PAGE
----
A hospital or certified birth center is the safest place to have your baby. Even the most uncomplicated pregnancies can develop problems or complications with little warning during labor and delivery. Being in a hospital allows you and your baby to have access to all the necessary medical care if these problems arise.
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That said, what precautions should I take if my newborn is in the same room as me in the hospital during COVID-19 isolation?
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If you are in isolation for COVID-19 and are sharing a room with your newborn, take the following steps to reduce the risk of spreading the virus to your newborn: Wash your hands with soap and water for at least 20 seconds before holding or caring for your newborn. If soap and water are not available, use a hand sanitizer with at least 60% alcohol. Wear a mask when within 6 feet of your newborn. Keep your newborn more than 6 feet away from you as much as possible. Discuss with your healthcare provider ways to protect your newborn, such as using a physical barrier (for example, placing the newborn in an incubator) while in the hospital.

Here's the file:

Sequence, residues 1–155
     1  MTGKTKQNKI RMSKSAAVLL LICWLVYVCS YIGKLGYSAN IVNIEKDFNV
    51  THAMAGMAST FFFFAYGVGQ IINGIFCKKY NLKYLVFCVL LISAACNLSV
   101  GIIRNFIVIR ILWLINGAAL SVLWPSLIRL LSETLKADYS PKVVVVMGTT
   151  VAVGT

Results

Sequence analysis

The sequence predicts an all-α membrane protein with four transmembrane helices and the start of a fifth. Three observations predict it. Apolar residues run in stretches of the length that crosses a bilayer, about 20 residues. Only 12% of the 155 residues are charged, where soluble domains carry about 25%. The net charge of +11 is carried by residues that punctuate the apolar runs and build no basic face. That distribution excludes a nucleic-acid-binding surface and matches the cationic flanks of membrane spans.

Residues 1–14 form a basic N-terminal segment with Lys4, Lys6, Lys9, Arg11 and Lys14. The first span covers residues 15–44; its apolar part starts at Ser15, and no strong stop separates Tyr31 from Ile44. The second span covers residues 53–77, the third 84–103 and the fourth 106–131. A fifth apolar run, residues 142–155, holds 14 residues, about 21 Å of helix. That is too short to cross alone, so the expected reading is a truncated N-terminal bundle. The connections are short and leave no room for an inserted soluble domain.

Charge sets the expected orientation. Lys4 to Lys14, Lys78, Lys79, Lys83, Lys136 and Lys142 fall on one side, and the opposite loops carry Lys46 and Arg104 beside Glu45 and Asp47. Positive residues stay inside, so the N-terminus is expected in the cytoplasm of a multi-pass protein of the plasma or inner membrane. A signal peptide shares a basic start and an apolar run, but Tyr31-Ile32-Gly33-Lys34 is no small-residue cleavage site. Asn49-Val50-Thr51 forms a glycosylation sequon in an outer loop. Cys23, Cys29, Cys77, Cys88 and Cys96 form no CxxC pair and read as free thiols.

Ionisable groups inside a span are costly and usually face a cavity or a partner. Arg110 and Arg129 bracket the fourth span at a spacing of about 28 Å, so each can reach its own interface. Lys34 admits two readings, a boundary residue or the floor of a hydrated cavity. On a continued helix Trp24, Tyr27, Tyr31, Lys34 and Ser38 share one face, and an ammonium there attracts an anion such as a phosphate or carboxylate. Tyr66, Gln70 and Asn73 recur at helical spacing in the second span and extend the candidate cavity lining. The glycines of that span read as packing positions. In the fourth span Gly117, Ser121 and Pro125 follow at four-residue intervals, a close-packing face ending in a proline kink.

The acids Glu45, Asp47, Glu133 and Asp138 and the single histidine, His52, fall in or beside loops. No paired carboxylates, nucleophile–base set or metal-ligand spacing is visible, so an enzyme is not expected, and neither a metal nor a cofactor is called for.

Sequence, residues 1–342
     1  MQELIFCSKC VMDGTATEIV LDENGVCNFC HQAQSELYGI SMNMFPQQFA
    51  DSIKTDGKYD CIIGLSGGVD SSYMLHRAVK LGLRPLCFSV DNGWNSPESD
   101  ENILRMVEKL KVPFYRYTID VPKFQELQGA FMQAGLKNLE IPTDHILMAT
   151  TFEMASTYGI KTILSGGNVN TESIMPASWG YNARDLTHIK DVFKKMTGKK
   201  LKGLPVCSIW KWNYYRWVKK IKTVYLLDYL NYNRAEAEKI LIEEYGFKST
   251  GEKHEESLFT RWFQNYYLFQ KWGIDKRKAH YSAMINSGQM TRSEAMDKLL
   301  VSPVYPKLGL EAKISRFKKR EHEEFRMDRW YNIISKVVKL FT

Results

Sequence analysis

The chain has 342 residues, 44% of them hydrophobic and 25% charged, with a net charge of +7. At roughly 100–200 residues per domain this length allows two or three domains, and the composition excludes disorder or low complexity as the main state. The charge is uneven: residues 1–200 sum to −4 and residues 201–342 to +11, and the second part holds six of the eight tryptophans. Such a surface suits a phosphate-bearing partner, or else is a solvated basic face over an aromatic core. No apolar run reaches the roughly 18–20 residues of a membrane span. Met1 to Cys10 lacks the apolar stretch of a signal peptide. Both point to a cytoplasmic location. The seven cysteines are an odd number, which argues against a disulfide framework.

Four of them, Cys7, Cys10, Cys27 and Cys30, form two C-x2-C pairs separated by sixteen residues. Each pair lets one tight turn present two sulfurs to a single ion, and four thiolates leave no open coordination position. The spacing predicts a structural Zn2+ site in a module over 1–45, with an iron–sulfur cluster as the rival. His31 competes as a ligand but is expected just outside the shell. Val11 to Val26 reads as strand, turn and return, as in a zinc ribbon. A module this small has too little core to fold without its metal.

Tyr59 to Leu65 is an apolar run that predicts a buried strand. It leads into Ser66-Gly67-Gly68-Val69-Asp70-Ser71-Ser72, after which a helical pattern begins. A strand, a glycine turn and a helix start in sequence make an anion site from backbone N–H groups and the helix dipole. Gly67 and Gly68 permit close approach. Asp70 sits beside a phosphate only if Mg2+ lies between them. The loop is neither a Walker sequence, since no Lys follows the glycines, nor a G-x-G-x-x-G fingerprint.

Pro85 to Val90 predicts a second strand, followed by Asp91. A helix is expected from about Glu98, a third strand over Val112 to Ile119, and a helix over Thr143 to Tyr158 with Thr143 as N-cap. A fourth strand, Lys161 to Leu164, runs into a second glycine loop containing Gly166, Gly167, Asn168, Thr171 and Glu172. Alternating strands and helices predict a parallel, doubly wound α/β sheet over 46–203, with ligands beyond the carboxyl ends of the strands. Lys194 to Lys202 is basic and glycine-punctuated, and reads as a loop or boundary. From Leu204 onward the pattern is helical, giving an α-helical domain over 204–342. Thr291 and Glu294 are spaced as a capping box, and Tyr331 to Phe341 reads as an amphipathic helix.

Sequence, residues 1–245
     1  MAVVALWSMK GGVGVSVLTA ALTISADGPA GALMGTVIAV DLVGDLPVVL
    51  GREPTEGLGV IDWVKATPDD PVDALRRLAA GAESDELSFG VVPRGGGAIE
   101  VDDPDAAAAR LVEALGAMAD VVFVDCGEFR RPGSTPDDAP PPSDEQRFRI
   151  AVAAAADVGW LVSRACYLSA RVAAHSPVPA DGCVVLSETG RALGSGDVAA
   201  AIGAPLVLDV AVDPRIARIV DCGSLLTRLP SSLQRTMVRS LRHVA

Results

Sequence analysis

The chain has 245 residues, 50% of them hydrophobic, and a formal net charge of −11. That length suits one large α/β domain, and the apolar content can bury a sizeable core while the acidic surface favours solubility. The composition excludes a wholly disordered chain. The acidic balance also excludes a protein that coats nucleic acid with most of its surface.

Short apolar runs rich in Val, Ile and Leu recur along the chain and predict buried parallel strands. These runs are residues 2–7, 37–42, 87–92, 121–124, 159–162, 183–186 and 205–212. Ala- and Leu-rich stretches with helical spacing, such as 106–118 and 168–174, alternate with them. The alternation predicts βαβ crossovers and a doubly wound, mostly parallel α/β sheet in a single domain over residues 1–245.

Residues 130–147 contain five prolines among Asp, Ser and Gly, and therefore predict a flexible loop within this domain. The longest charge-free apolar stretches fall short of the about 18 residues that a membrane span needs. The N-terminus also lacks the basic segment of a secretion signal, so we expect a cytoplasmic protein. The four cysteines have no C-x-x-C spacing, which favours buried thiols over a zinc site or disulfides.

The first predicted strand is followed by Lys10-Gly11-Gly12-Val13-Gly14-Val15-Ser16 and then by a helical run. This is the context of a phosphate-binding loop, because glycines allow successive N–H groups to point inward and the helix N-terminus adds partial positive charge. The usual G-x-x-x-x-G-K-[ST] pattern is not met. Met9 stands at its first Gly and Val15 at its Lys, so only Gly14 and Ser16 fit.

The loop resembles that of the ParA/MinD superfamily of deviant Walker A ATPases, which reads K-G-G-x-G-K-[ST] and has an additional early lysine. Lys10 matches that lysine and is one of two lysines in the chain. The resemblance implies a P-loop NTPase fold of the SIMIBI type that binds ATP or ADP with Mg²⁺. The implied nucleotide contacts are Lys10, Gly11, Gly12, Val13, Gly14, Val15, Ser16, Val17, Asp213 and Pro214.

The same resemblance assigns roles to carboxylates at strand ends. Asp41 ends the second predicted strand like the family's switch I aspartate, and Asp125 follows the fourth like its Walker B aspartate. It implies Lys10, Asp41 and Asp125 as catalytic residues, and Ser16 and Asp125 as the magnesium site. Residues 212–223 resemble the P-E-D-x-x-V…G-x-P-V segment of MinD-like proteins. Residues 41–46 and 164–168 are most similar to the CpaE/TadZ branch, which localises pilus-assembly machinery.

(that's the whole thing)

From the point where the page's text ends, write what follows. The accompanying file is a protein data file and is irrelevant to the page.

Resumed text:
Briefly, what are some of the risks of COVID-19 if you are pregnant?
Pregnant people with COVID-19 are at increased risk of adverse pregnancy outcomes that could include preterm birth, stillbirth, and admission into the ICU of a newborn also infected with COVID-19.
Apart from this, should pregnant women get a COVID-19 booster?
“ACOG recommending a booster of an mRNA COVID-19 vaccine at least six months after the last dose for pregnant women,” or a booster of the J&J vaccine at least two months after the last dose, said Dr. LaPlante, adding that it is important that “women who have been vaccinated and are pregnant, get a booster dose.”
Which ethnicity of pregnant women are more affected by COVID-19?
Pregnant women who are Black or Hispanic appear to be disproportionately affected by infection with the COVID-19 virus.
Wash your hands often with plain soap and water. The CDC recommends washing your hands often with soap and water for at least 20 seconds, especially after you have been in a public place, or after blowing your nose, coughing, or sneezing. If soap and water are not available, the CDC recommends using an alcohol-based hand sanitizer that contains at least 60 percent alcohol. Learn more about safely using hand sanitizer. Cover your mouth and nose with a cloth face covering or non-surgical mask when around others. Find more information about how to select, wear, and clean your mask. Avoid crowds and practice social distancing (stay at least 6 feet apart from others). Get the COVID-19 vaccine when it is offered to you.
Both symptomatic and asymptomatic neonates born to mothers with confirmed or suspected COVID-19, regardless of mother's symptoms, should have testing performed at approximately 24 hours of age. If initial test results are negative, or not available, testing should be repeated at 48 hours of age.For asymptomatic neonates expected to be discharged <48 hours of age, a single test can be performed prior to discharge, between 24-48 hours of age.